Mutant viruses carrying roughly the same set of important mutations are called variants if they are also seen to be responsible for a reasonable fraction of infections. Mutations are relatively common, but every mutation does not make a variant. Those variants which are unusually adept at infecting people, or which lead to more severe forms of disease, are called variants of concern (VOCs).
With this background, here’s a guess for the first wave of COVID-19 in India. This was primarily led by the major Indian cities, Mumbai and Delhi among them, and to a lesser extent somewhat smaller urban areas. Infections during this wave were dominated by a small number of variants that behaved roughly the same way, defining what is called a strain of the virus. The conditions surrounding the lockdown ensured that the disease spread relatively slowly outside these areas. This can be attributed to the relatively slow opening up of the country after about August, 2020 and some reasonable level of compliance with restrictions on public gatherings and masking in the months after that.
Where the virus spread outside the major cities it spread silently, aided by gaps in public health and mortality surveillance. An overall younger population in rural India, as well as lower densities or people, may have helped reduce the impact of the disease. Some prior immunity may have also played a role, although it is hard to square this possibility with what we are seeing currently.
Extrapolating from the recent seroprevalence survey results, we can estimate that between 30-40% or so of India had been infected by the end of January 2021. This is an estimate confirmed by our own models. It is far from the numbers of 60% or more that some models have suggested.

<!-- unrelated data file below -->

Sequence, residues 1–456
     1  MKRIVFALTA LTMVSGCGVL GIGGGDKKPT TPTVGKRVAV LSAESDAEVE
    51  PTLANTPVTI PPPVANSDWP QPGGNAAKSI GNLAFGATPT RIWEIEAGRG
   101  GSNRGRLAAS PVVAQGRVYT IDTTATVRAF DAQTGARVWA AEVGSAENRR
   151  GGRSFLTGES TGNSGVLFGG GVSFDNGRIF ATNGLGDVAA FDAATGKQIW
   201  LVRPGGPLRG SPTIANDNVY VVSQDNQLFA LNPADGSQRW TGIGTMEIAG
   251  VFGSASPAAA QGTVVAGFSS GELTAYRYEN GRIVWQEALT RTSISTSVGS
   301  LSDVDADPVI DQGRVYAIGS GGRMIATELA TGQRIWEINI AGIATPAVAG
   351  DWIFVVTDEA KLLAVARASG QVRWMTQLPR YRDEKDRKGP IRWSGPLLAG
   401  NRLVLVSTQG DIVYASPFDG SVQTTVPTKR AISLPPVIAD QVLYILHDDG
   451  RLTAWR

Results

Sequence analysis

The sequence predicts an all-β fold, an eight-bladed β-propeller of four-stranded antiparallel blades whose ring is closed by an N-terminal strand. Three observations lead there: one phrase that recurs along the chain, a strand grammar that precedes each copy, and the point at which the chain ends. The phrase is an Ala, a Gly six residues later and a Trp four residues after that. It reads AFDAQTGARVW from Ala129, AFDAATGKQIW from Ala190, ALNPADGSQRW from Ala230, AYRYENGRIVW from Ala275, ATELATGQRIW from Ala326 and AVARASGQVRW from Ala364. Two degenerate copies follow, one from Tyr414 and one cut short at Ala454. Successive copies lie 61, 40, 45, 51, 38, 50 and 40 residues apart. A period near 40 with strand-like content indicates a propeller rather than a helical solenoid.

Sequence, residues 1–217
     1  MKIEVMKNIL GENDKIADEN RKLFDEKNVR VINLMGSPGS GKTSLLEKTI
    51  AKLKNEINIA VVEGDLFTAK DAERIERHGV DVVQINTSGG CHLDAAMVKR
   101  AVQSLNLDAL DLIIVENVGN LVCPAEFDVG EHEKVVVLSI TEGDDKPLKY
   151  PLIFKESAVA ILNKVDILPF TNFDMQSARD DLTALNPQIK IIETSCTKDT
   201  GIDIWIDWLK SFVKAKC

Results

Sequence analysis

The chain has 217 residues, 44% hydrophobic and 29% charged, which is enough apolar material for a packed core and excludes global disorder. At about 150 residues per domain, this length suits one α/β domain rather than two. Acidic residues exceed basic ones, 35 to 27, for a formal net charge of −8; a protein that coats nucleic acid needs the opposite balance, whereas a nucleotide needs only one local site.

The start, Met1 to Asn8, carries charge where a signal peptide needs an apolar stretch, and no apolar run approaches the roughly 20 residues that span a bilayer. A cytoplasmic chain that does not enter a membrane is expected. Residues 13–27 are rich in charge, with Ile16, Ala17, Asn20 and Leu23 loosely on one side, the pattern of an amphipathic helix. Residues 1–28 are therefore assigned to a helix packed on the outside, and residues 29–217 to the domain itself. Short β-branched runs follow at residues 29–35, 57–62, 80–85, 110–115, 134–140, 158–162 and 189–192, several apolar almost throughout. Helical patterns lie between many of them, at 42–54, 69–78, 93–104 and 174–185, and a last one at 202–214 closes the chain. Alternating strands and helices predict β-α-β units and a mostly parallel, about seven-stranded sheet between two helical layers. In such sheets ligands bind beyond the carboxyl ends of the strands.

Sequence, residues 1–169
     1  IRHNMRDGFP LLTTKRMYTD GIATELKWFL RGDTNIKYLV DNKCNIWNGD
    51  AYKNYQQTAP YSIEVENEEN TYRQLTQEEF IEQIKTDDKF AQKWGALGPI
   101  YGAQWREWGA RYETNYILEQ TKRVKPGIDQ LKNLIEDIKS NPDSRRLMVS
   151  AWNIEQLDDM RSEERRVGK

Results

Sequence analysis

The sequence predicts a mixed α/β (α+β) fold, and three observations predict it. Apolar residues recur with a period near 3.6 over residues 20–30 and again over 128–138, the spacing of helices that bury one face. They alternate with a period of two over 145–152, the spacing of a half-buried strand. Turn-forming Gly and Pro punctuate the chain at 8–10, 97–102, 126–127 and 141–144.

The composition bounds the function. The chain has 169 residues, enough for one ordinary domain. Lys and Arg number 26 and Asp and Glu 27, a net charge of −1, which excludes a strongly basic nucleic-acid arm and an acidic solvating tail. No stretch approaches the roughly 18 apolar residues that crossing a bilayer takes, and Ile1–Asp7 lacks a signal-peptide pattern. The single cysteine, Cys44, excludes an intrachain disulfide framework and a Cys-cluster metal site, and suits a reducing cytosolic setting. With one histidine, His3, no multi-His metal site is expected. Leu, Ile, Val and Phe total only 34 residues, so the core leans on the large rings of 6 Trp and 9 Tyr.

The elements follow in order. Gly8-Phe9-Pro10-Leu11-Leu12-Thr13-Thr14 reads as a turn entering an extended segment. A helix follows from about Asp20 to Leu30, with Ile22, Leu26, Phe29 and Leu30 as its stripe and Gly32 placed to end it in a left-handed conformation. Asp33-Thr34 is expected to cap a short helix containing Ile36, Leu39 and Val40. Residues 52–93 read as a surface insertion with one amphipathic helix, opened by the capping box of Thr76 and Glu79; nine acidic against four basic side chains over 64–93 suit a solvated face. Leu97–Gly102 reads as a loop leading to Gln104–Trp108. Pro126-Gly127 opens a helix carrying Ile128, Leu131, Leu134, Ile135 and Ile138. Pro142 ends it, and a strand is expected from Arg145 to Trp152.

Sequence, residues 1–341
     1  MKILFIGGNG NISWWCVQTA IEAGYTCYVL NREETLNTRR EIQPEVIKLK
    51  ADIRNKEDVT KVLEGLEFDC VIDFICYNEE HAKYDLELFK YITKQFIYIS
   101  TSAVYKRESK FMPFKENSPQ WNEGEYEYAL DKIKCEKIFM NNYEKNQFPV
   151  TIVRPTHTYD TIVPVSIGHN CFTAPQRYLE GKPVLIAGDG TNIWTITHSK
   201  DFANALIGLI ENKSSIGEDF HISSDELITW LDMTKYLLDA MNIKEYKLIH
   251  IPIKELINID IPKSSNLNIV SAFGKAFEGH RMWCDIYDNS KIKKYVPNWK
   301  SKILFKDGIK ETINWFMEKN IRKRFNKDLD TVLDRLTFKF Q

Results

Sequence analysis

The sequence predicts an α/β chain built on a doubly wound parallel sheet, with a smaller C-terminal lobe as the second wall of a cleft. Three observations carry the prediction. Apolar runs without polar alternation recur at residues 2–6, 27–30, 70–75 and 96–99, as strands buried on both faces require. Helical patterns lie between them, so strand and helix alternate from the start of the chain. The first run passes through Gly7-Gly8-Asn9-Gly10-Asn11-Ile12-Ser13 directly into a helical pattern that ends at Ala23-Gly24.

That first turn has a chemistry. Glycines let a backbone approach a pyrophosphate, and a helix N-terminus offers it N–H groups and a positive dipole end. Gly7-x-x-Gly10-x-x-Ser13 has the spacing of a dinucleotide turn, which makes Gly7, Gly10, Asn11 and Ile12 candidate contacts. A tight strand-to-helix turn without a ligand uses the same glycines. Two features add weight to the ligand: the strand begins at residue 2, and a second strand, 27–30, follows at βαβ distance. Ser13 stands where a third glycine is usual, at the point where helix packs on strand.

However the numbers of those infected should vary greatly across India. The fraction of those with a prior infection is likely in the neighbourhood of 50% or more in major Indian cities while being at least 10-20% lower in rural India. Such numbers would suggest that a large fraction of India still remains susceptible to infection by the original strain.
Why did cases begin to rise across India since the middle of February? Certainly, increased laxity played a role. Across the board, fatigue with anti-COVID measures seems to have come to a head by January, once the festival season in November and December did not lead to a spike in cases. (To hope that the new year would usher in normalcy, especially in the background of steadily decreasing case numbers, was perhaps natural.)
But even granted that much of India remained to be infected by January of 2021, would that account for the pace of the current rise?
Almost certainly, no. Variants are the most likely answer. Globally, three significant VOCs have been identified, informally associated with the name of the country where they were first noted. They are referred to as the “UK” (B.1.1.7), the “South Africa” (B.1.351) and the “Brazil” (P1) variants, with the terms in brackets being their formal names.
Some variants are specific to regions of India, including one called B.1.36, found to be present in a good fraction of cases tested in Bengaluru. The specific mutation carried by the B.1.36 variant, called N440K, is widespread in cases from the southern states. Although data is skimpy, there is some evidence that the B.1.36 variant may be responsible for some reinfections. The B.1.1.7 variant currently dominates new cases in Punjab.
Another variant, recently named B.1.617, figures prominently in the sudden increase of cases in Maharashtra. This variant contains two specific mutations, called E484Q and L452R. Both these mutations alter the spike region, allowing it to bind more easily to cells. This variant appears to spread more easily between people.
But more worryingly, recent studies show that the L452R mutation is also capable of immune escape, dodging both antibodies generated by a prior infection or a dose of vaccine as well as other forms of immunity that do not rely on antibodies.